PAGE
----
X-Message-Number: 7659
Date: 06 Feb 97 22:50:09 EST
From: "Steven B. Harris" <>
Subject: Visser in Hot Water (Told You So)

   independent online 
   the star 
   Ban on testing of 'wonder' Aids drug 
   Staff Reporters and Sapa 
   Widespread scepticism about the Aids drug Virodene has
deepened following a ban on further research and testing imposed
by the Medicines Control Council yesterday. 
   Council chairman Professor Peter Folb announced the moratorium
after investigations found that Virodene PO58 contained a highly
toxic industrial solvent, dimethylformamide (DMF), which can
cause fatal liver damage and has been linked to the development
of cancer. 
   "Aids patients may be at special risk of developing some of
these complications because of their disturbed immunity," Folb
   This meant further tests and research on humans had to be put
on hold until the serious and unresolved safety issues had been
sorted out, he added. The announcement fuelled the scepticism
which had greeted the announcement of the drug. 
   Aids Consortium co-chairman Dr James McIntyre welcomed the
council's statement, saying it vindicated the cynicism of the
minister and the researchers. 
   He said that while people in the Aids community had been
sceptical of the claims all along, the news was most devastating
to Aids patients whose "trust has been abused". 
   "In the weeks following the announcement, many Aids organisat-
ions dealt with patients who called to say they wanted the cure,
they needed the cure," he said. 
   Medical ethics expert Dr Reuben Sher said he had felt the
researchers of the drug - Professor Dirk du Plessis, Dr Callie
Landauer, Olga Visser and Eugene Olivier - "had acted illegally
from day one". 
   He said he was pleased a moratorium had been placed on
research until claims made by the researchers had been resolved. 
   Vincent Hlongwane, spokesman for Health Minister Dr Nkosazana
Zuma, said the ministry would not comment until it had received
the council's report. 
   He could not say what would happen to the R3,7-million
requested by the researchers, saying the decision rested with the
   Joel Netshitenzhe, a spokesman for President Mandela, said the
Cabinet would wait for further facts from Zuma before coming to a
   DP Gauteng health spokesman Jack Bloom said the decision was a
severe indictment of Zuma, who sponsored the research of Virodene
and its high-profile presentation to the Cabinet. 
   "Minister Zuma has now been involved in yet another Aids
fiasco, cruelly raising the hopes of Aids victims. Her role in
this matter reflects badly on her judgment and indeed on her
suitability to continue as minister in such a highly sensitive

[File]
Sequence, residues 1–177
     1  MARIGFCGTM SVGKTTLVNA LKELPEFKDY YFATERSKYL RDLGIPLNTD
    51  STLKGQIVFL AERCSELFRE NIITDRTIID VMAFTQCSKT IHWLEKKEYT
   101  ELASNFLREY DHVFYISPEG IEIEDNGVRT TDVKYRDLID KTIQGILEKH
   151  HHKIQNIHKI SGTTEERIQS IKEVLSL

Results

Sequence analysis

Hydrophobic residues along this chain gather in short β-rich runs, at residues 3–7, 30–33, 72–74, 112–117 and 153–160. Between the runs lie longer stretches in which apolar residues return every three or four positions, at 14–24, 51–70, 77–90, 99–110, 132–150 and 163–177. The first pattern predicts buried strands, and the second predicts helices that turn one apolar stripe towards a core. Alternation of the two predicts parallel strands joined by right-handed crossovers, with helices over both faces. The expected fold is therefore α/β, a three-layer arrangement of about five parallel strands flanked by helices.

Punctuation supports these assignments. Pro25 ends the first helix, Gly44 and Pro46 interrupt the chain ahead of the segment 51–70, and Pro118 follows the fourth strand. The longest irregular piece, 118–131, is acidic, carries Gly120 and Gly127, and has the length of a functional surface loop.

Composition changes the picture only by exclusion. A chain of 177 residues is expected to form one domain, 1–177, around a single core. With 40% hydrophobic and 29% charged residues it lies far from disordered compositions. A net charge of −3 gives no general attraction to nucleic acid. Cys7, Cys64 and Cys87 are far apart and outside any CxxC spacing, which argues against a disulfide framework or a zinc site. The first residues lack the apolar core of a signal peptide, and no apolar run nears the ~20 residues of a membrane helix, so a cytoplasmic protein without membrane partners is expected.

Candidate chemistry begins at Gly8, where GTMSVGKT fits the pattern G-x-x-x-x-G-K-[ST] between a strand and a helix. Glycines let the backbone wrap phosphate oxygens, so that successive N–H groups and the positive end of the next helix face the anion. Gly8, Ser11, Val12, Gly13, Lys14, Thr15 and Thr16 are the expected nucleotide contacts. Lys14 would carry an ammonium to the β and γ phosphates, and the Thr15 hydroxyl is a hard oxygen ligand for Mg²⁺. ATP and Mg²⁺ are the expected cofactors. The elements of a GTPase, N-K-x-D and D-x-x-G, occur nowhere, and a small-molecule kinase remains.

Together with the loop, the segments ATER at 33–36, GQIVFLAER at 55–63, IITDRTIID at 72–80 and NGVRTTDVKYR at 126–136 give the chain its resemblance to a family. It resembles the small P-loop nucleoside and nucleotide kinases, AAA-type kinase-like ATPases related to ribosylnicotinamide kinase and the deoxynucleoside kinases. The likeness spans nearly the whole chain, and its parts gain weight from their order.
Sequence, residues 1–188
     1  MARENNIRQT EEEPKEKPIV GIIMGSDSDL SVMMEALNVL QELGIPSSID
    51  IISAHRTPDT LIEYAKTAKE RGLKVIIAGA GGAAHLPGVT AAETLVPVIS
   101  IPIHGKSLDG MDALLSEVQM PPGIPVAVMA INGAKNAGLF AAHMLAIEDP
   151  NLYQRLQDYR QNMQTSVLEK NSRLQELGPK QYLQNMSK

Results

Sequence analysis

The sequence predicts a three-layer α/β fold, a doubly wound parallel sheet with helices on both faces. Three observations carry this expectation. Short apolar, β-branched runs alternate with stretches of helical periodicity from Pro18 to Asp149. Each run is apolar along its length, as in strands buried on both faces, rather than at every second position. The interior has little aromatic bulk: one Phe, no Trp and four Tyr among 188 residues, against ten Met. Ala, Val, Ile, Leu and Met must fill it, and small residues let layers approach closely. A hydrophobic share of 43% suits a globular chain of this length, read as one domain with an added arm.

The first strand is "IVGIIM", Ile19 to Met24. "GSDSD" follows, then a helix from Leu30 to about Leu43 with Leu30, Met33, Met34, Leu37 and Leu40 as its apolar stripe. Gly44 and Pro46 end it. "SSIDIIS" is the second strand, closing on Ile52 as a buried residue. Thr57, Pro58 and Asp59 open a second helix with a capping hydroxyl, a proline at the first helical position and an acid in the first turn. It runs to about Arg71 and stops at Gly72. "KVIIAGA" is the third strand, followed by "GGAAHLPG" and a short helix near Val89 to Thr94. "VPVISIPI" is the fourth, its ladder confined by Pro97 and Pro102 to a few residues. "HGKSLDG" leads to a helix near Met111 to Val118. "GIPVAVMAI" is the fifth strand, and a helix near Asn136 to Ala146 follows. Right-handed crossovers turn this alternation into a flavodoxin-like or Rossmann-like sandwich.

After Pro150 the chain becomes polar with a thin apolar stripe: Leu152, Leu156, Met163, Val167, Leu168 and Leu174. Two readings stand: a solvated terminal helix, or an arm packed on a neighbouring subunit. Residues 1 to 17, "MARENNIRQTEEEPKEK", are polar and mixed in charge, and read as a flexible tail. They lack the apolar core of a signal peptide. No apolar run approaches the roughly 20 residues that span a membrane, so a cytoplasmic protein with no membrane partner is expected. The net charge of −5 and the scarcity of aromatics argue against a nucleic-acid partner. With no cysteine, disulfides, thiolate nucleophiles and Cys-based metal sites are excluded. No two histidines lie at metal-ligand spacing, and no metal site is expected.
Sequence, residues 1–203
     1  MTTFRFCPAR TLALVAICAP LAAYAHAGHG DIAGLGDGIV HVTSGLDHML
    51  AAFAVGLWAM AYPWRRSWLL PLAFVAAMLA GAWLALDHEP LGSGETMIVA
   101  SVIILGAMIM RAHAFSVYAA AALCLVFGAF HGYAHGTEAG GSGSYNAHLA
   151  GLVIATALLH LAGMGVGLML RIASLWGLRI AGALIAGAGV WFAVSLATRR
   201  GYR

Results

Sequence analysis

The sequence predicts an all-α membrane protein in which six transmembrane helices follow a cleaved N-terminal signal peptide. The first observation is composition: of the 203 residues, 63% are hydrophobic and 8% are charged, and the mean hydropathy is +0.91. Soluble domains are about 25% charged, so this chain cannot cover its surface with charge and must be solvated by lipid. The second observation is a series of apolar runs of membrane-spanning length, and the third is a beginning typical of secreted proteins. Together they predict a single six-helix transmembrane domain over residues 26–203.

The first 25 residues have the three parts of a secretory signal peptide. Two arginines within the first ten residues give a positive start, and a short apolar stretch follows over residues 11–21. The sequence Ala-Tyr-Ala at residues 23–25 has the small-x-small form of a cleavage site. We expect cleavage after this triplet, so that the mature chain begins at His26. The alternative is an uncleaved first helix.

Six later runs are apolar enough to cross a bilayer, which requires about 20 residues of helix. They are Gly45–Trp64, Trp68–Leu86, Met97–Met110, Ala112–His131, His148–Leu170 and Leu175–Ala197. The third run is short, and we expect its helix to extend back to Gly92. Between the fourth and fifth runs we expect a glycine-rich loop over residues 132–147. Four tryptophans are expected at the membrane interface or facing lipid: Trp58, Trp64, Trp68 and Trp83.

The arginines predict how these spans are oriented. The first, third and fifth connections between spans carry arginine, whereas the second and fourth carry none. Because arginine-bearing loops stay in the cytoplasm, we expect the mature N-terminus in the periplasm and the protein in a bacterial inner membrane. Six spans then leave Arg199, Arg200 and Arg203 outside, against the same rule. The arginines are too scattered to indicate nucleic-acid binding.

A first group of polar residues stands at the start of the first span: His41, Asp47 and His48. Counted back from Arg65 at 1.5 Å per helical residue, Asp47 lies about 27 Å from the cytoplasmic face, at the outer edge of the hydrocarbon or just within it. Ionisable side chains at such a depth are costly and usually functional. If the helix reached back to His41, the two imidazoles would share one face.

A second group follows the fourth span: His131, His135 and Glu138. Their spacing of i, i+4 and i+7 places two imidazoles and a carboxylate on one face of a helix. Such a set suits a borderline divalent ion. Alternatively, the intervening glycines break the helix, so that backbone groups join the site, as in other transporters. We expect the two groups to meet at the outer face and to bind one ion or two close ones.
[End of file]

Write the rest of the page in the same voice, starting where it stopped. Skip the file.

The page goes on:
portfolio," Bloom said. 
   A spokesman for the research-ers, Larry Heidebrecht, said the
group would meet last night to formulate a response. 
   According to the council statement yesterday, it unanimously
agreed that expectations that could not be realised should not be
raised among patients before the required minimum scientific and
ethical standards were met. 
   "The council will work with the researchers and advise them in
order to achieve this." 
   There were serious unresolved issues with regard to Virodene
because it contained DMF. In general, solvents were highly toxic,
Folb said. 
   The researchers had given the council their full co-operation
in its review of the work done on DMF so far. 
   "The serious and unresolved safety issues in the use of
Virodene must be sorted out before any further work can be
considered and before patients, who previously received Virodene,
may be further exposed to the drug," Folb said. 
   The council report is the latest development in the stormy
tale of Virodene PO58, which began two weeks ago when Pretoria
University researcher Visser and cardio-thoracic surgeons Du
Plessis and Landauer asked the Cabinet for R3,7-million for
further preliminary trials. 
   Their work with the formula suggested a possible breakthrough
in the fight against Aids, in particular that the preparation
could pull back even full-blown Aids sufferers from the brink of
death, they said. 
   Folb said: "Since the investigators (researchers) and the
council agree that the best interests of safety of patients with
HIV infection and Aids are paramount, and that the study must
meet essential standards, it was decided that the present work
cannot proceed until there is a realistic prospect of it 
producing a meaningful result." 

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